Traditional Gambian dishes
cooked in homes are mostly rice, the staple
food, with a covering of various spicy sauces as on the right.
However, steamed millet, couscous,
cassava is also eaten. The defining
ingredients for these various dishes are either peanut butter
paste (Domoda), ladies fingers
oil (chew deu terr) or edible leaves such as spinach or cassava
leaves. Very popular among poor families is Mbahal
which is rice mixed with grated peanuts,
dried fish such as bonga.
Many of these dishes are also common to Senegalese cooking as
both countries have common cultural ties.
Some of the best known authentic dishes are 'Domoda'
(peanut butter sauce), 'supakanja' (okra
stew), 'benachin' (Jolof
Rice), 'Chere' (couscous type millet),
chicken 'Yassa' (fried chicken
Lunch is usually cooked for a couple of hours until the meat is
well cooked - though for fish dishes, the fish may be removed
after a short cooking time and replaced towards the end of the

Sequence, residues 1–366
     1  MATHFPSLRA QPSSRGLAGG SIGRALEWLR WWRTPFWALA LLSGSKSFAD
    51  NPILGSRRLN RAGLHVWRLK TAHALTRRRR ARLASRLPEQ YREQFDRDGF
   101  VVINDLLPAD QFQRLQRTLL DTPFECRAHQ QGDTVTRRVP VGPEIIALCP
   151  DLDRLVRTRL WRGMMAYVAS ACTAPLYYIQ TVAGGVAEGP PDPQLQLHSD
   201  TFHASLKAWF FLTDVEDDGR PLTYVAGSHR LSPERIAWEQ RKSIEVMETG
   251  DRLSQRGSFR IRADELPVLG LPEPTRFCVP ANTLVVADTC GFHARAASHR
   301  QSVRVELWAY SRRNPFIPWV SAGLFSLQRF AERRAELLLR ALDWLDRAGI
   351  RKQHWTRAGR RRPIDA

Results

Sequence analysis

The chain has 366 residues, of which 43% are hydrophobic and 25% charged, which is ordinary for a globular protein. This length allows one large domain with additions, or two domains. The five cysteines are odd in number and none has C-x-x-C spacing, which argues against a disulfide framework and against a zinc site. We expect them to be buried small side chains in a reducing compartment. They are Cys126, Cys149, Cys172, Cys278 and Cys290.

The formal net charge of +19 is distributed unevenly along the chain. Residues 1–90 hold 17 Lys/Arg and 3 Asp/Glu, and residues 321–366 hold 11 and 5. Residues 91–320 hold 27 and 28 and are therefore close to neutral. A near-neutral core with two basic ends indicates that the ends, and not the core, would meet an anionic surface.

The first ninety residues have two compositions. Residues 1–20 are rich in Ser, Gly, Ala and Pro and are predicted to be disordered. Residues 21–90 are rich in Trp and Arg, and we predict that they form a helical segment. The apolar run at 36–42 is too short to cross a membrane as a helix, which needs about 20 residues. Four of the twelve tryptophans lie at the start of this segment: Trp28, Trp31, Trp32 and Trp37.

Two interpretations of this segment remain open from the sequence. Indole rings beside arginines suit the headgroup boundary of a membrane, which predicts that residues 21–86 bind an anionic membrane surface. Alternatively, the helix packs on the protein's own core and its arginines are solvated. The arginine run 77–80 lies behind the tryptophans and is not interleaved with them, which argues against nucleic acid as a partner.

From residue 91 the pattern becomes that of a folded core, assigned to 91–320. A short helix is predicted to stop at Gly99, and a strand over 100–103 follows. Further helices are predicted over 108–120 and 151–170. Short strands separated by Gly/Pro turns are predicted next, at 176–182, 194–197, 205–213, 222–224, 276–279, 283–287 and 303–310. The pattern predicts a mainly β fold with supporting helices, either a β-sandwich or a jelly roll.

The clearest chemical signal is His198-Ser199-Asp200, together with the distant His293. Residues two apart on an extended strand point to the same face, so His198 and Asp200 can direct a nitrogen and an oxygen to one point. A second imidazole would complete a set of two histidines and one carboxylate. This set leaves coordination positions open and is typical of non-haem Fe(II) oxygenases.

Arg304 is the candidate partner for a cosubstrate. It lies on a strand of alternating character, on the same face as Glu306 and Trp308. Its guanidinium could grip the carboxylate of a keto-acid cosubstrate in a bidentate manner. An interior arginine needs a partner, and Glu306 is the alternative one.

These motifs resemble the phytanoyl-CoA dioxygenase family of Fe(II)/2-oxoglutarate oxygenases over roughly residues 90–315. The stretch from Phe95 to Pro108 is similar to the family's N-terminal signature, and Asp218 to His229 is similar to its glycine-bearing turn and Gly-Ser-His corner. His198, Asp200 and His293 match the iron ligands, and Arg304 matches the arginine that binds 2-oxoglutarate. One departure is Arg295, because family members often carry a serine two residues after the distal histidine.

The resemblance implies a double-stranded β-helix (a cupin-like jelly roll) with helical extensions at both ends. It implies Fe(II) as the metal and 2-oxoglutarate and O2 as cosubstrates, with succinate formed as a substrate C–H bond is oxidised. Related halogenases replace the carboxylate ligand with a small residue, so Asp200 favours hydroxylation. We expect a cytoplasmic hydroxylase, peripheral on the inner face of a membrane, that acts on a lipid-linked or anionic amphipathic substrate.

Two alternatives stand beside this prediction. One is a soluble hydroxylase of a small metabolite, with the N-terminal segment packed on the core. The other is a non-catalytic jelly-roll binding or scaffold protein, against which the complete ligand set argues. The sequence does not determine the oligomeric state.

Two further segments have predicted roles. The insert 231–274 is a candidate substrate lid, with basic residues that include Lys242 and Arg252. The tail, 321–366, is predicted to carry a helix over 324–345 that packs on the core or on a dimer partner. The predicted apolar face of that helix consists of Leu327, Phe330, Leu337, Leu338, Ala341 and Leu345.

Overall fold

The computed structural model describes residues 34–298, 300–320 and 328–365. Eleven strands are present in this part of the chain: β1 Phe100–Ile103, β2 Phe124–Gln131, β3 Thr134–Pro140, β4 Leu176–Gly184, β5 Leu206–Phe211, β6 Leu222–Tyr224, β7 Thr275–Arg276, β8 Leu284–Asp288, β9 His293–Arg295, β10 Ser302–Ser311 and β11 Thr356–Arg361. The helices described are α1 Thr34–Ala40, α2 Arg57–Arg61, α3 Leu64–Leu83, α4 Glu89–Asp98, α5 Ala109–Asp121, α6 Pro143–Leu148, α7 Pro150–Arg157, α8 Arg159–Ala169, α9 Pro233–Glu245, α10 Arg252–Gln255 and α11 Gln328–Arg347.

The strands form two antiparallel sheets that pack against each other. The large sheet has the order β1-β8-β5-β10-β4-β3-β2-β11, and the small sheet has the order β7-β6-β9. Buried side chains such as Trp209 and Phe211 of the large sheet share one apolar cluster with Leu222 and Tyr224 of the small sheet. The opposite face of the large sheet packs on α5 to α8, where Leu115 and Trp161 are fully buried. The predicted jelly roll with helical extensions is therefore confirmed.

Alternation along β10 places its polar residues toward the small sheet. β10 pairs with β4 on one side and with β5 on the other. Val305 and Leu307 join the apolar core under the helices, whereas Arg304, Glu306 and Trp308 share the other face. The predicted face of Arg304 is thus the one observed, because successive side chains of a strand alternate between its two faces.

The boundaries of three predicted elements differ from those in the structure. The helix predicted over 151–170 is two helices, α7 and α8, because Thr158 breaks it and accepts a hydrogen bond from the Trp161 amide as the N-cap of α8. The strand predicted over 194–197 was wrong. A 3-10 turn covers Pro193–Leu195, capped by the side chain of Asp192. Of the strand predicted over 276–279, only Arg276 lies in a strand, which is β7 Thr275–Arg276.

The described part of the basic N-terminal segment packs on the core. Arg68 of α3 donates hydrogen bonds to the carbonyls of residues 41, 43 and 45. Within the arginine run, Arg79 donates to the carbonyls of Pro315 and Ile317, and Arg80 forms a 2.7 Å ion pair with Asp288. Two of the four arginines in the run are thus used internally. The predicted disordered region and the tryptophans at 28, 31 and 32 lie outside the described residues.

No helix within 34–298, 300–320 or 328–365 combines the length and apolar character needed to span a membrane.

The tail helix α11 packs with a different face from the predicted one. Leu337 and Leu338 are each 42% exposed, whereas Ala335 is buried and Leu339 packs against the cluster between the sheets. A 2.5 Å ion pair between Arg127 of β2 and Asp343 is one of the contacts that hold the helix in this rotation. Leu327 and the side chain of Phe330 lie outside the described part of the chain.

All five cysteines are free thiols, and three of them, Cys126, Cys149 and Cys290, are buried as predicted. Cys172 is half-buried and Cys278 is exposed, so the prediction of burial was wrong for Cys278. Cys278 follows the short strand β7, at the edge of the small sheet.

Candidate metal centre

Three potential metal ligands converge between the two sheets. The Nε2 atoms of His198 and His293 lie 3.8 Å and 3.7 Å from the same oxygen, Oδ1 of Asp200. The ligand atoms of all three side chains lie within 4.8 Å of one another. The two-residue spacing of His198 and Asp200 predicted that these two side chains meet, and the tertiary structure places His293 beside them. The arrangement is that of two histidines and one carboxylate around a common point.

Most urban Gambians eat bread, butter
and/or jam for breakfast. People may also have 'Chura Gerrte'
(rice and peanuts - boiled) or 'ruy' (pap),
with added yoghurt or tinned milk.
For the majority of Gambians afternoon lunch is the most important
meal of the day.
main staple dish in The Gambia is rice with a choice of stew -
made with either fish, chicken, beef,
lamb or goat - usually cooked with vegetables, spices and sometimes
peanut butter. Pork is NOT on the menu for 90 percent of Gambians
who are Muslims, though it is available for Christians in many
supermarkets and from specialised
Lunch is served in a large, common food
bowl next to which the diners sit on the floor or a wooden
stool. When eating you use your right-hand (washed), though many
urban men (and some women) may use a spoon.
dinner people eat either fried fish, oysters,
shrimps, chicken and fried beef with onions. These may then be
served with salad and / or bread or couscous.
Others may have 'Chura Gerrte' or 'Ruy' (Coos porridge).
Increasingly Gambians are eating more convenience foods, particularly
in the evenings, and this has begun to lead to health problems
associated with high blood pressure, heart disease and diabetes.
Popular cooking seasonings:
Jumbo and Maggi Cubes are similar to bouillon cubes, and are widely
used to season all types of Gambian dishes and fare, from sauces
to sandwiches. They are available at the market and most local
shops and sold by box or individually. Simply crush a bit on the
edge of the packaged cube and then peel open the package to sprinkle
the salty substance over your food.
& Traditions Communal